4. plotCorrection = FALSE, title = NULL, plotLegend = FALSE, PDF = NULL)

Fig 6 shows the first and second principal coordinate axes, explaining 11.4% and 8.7% of the total variance. Each dot represents a sample. Both groups are separated nicely (blue and orange dots). Further one can see, that group 1 is more diverse than group 2 (in group 2 the distances between the dots are less than for group 1). Finally one can assume that both groups underlie different IGHV gene usage distributions and the samples in group 2 are more similar to each other than in group 1.

Fig 6. Example of a principal coordinate analysis based on cosine distances on IGHV gene usage distributions of 42 samples.

The dots are color coded for two groups. First (x-axis) and second (y-axis) axes are plotted and the variances explained by these axes are given.


The bcRep package offers a new platform for comprehensive B cell receptor repertoire analysis. It combines several methods to summarize sequence characteristics of the underlying dataset in detail. Computation time can be reduced using parallel processing; however this is still dependent on the number of cores provided for analysis and the underlying computer architecture. bcRep can be used by scientists new to IG repertoire analysis, as well as by advanced users. Functions can be applied without reformatting the input data and most results can be visualized with implemented plotting routines included in this package. Advanced programmers can use the provided functions as entry for more thoughtful in depth analyzes.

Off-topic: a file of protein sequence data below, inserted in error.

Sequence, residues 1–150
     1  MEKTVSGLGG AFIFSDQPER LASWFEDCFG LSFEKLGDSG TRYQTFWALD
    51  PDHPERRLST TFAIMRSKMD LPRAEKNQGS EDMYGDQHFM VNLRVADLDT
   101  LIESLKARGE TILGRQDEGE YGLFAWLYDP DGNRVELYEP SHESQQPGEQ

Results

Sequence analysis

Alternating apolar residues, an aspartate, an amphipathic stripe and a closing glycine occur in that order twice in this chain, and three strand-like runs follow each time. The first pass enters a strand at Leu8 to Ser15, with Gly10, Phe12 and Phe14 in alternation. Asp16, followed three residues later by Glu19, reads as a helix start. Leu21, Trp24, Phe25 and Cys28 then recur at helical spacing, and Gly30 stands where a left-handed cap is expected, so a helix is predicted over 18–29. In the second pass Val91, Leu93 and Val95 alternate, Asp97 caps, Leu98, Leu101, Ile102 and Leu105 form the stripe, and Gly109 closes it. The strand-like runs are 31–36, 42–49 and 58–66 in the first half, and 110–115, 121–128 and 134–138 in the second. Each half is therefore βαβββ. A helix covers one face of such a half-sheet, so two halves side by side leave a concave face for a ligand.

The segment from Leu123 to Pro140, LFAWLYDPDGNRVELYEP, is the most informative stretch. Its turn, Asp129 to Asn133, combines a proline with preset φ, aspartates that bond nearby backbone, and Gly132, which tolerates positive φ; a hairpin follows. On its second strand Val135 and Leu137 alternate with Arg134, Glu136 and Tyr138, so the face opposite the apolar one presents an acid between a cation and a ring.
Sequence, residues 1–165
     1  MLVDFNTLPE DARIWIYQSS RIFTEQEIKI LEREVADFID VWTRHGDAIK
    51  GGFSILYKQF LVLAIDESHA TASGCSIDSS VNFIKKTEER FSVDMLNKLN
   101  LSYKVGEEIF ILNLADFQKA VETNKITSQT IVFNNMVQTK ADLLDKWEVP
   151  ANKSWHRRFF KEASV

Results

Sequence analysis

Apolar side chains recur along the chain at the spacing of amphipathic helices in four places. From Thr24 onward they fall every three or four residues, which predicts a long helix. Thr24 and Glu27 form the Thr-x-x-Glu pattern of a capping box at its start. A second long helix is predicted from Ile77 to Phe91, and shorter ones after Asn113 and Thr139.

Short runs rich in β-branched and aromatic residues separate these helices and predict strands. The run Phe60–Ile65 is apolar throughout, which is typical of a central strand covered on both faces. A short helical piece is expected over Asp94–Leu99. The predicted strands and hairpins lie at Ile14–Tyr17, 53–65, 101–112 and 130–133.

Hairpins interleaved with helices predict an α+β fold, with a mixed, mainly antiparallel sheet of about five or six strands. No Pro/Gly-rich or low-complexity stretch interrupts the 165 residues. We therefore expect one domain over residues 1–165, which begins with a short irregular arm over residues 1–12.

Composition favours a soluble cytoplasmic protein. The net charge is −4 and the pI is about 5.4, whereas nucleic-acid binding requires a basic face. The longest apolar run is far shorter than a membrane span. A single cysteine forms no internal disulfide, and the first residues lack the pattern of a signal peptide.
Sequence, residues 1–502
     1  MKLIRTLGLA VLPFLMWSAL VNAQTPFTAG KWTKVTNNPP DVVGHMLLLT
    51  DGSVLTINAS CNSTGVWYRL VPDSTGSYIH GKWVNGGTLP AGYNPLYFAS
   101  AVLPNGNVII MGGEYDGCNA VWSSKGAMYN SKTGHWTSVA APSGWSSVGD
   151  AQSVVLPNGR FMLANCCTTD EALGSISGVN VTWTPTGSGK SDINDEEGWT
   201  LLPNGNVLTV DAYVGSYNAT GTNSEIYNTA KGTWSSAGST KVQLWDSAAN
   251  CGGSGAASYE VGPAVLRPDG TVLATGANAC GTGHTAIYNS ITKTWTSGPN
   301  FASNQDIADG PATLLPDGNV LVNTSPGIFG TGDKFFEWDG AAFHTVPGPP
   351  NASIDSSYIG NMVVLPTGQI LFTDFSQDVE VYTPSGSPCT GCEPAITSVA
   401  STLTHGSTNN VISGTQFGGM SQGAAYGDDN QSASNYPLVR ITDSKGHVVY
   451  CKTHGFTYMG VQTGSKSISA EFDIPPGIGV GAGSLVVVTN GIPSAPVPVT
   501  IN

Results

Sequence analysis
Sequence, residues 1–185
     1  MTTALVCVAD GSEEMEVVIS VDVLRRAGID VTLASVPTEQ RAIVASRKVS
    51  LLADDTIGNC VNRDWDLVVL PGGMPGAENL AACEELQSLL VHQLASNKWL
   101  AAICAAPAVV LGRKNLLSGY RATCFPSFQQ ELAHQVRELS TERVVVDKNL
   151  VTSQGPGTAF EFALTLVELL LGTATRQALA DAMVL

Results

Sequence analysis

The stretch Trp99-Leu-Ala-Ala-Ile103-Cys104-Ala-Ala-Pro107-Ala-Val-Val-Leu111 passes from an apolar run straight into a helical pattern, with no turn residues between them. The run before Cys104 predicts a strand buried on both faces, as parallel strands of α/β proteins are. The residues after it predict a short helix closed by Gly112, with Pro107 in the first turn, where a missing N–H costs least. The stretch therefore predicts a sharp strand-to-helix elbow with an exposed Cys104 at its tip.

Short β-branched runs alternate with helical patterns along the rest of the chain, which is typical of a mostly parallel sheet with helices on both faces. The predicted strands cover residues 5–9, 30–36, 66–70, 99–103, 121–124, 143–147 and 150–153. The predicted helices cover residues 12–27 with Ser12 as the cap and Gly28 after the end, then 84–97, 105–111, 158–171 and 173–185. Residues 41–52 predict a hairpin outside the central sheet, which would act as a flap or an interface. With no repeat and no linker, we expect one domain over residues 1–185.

A wide spectrum of methods analyzing individual samples, as well as comparing several samples is provided.

In future we plan to continue adding new methods of diversity analysis, clustering sequences into groups and comparing repertoires as well as methods for processing FASTQ or FASTA files.

Supporting Information

S1 Table. Computational time and object sizes of selected bcRep functions.

Only more complex functions with high computational costs are chosen. Characteristics are shown for three samples with 1) only few sequences (Sample 1, n = 31 901 sequences), 2) a moderate number of sequences (Sample 2, n = 323 560 sequences)) and 3) many sequences (Sample 3, n = 928 225 sequences). Computational time is represented by CPU elapsed time (seconds) and memory by object size (Megabytes). For all functions only one core was used (no parallel processing). System features and selected parameters for functions are shown separately.



We thank Axel Künstner for comments that greatly improved the R package and manuscript.

Author Contributions

  1. Conceptualization: JB SMI.
  2. Data curation: JB.
  3. Formal analysis: JB.
  4. Funding acquisition: SMI.
  5. Methodology: JB.
  6. Project administration: SMI.
  7. Software: JB.
  8. Supervision: SMI.
  9. Validation: JB SMI.
  10. Visualization: JB.
  11. Writing – original draft: JB.
  12. Writing – review & editing: JB SMI.